Author branding has become a necessity, along with developing a platform and having a favorable online presence. If you want to make it as a writer, you must apparently become your own brand. It works with musicians, movie stars and reality TV phenomena, and it works with journalists and bloggers too, people who write stuff too.
Hell, other writers have branded themselves and made millions, right? Think of King, Patterson, Steel, Koontz, Grisham, Rowling and Meyer. What they have in common, if not their writing style, is the fact that they are brands. Their names alone sell millions. They must be doing something right, right? But what?
However annoying it is, we live in a business world. We put up a product for sale and want people to recognize and trust the source so they buy and read our books. Writing is an industry, and as a professional writer you need to sell, preferably before you even produce, just like in real-estate. If you know what you’re doing, smart marketing will help you to be known and sell your work, it’ll help you be someone. But if you’ve got no clue what you’re doing and just pop up all over the place trying to sell yourself without a plan or a good product, you’re not going anywhere.
But what exactly does it mean to brand yourself as a writer? Do you now have to commit to a stereotype and trim your life to fit into it, lest you should step out of character and lose credibility? And what the hell does building a platform mean? I know having an online presence doesn’t mean chatting with your friends 4 hours a day and playing Farmville, but what sort of presence do you need?
It’s easy to drown in the torrent of self-branding tips that floods the internet, and given the immense volume of absolute and utter crap that’s floating online, it’s no wonder most aspiring young writers misunderstand branding for bragging.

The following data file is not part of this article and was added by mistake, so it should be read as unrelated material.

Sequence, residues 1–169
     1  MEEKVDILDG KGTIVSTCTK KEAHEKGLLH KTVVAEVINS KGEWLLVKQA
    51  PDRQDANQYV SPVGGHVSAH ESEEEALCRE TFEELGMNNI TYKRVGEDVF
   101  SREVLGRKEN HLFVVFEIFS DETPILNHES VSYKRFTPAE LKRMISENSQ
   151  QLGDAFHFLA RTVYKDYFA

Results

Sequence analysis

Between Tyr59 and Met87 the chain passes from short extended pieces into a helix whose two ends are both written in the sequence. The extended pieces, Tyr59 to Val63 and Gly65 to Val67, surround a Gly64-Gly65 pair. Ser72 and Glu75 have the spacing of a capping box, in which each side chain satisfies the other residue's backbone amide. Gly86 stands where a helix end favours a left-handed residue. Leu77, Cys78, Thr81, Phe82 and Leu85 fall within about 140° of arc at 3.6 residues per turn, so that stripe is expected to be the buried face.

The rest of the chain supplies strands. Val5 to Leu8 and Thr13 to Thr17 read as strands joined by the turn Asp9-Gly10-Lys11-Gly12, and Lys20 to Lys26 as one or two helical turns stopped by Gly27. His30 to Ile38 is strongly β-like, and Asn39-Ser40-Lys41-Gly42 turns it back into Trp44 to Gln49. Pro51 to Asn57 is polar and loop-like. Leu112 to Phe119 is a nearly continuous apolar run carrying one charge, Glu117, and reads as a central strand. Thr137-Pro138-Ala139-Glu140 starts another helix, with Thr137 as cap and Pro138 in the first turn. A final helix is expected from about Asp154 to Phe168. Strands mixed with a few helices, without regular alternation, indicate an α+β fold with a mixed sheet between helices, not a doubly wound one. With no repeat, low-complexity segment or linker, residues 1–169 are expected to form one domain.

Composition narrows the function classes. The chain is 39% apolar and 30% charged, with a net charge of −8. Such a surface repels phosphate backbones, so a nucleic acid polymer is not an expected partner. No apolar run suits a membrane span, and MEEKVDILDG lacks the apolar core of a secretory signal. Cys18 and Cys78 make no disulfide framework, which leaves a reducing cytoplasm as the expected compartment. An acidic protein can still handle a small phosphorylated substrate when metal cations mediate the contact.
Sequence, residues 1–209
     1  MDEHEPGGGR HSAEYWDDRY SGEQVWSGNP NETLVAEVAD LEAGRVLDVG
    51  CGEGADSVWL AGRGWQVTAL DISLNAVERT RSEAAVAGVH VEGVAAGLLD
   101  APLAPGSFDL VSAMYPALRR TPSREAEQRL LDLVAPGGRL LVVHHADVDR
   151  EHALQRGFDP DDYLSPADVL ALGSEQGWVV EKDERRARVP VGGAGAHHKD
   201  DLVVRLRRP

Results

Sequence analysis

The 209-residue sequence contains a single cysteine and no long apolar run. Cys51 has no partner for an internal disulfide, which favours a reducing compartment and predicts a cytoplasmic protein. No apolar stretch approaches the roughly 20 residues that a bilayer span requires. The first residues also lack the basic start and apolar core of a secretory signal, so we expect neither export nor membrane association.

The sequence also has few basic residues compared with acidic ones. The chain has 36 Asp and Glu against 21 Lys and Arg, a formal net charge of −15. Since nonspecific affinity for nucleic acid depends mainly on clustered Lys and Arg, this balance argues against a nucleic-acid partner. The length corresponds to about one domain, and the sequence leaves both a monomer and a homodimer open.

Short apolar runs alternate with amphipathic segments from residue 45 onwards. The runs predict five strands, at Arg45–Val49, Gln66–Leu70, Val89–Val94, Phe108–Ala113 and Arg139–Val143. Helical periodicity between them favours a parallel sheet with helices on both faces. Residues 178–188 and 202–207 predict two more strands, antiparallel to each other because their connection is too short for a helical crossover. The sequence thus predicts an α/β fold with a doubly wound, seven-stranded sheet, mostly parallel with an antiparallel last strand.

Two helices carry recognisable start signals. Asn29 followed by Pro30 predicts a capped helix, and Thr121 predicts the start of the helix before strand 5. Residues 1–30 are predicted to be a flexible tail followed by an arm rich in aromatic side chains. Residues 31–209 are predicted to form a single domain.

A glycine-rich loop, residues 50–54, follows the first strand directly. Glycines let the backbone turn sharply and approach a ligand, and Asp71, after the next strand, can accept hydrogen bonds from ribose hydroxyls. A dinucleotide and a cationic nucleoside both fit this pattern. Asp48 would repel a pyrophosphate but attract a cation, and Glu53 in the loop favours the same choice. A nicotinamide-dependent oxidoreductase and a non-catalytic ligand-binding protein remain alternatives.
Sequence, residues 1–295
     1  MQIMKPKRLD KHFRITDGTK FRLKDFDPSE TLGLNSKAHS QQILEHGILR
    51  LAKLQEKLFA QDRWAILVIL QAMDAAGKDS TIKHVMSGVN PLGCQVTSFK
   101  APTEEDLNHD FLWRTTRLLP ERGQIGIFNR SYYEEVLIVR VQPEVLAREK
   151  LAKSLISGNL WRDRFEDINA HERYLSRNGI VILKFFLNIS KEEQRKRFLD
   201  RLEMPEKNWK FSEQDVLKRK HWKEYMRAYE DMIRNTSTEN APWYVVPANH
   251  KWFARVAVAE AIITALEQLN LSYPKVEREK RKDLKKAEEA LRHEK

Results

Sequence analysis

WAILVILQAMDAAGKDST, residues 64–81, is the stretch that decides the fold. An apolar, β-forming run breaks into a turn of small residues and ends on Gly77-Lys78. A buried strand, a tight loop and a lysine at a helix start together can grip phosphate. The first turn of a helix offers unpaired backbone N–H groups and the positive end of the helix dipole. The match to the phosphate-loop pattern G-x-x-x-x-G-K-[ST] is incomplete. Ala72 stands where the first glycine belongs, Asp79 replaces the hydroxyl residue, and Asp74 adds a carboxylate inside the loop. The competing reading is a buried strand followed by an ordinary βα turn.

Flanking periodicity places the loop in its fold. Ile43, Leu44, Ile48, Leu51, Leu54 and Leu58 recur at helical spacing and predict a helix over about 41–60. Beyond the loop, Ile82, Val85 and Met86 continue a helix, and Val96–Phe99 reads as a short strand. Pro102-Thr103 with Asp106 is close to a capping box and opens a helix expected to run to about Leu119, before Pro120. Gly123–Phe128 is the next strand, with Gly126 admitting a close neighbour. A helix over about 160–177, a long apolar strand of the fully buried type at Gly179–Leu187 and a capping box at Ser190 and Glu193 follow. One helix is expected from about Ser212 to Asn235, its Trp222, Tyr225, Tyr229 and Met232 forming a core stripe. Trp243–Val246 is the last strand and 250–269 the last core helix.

Branding doesn’t mean uploading pictures of yourself everywhere and tweeting links to your blog every five minutes. It doesn’t mean talking about yourself in third person or posting meaningless comments all over other people’s blogs just to leave your hyperlinked signature behind like a trail of horse hockey. Branding also doesn’t mean adopting a fake style or using an artificial voice just to draw attention to yourself in forums, and it doesn’t mean swearing like a drunk sailor and bashing others to make yourself look tough.
But what is it then?
Kyle Lacy & Erik Deckers give a very simple explanation to self-branding in their book, Branding Yourself:
A brand is an emotional response to the image or name of a particular company, product, or person. Branding yourself means that you create the right kind of emotional response you want people to have when they hear your name, see you online, or meet you in person. Self-promotion is not bragging or boasting. It’s just letting people know who you are and what you do.
The important factor that separates branding from bragging is understanding yourself—knowing your true passion, your strengths and your weaknesses—and owning up to who you are. Be the best you that you can be at this time, without going overboard and trying to build yourself a statue. Be natural. Know what you love and share it.
Lacy & Deckers phrase it like this: “Ask yourself: What do I want to be known for? What qualities do I want people to associate with me? What is the first thing I want to have pop in their head when they hear my name?”
In a very interesting post, Larry Brooks, the mind behind StoryFix, says that branding “forces us to choose, to navigate reality”, to decide who we are writing for and why.
If we’re writing for ourselves, for the pleasure of the journey and the creative process, then the outcome takes second place and we shouldn’t have to worry about being consistent and truthful to our public persona. But if we’re writing for others, if we’re aiming at, or already have, a professional writing career and are being paid by others for the fruit of our work, then we need to take responsibility of our image and trim the way we come across.
Discover your passion. Be bold about it. Tell your own story.
But be honest to yourself and others. As Larry puts it, “writing is life itself, not an analogy for life. It’s a transparent Petrie dish within which we live it… exposed.”
This blog post is part of the A to Z Blogging Challenge, April 2012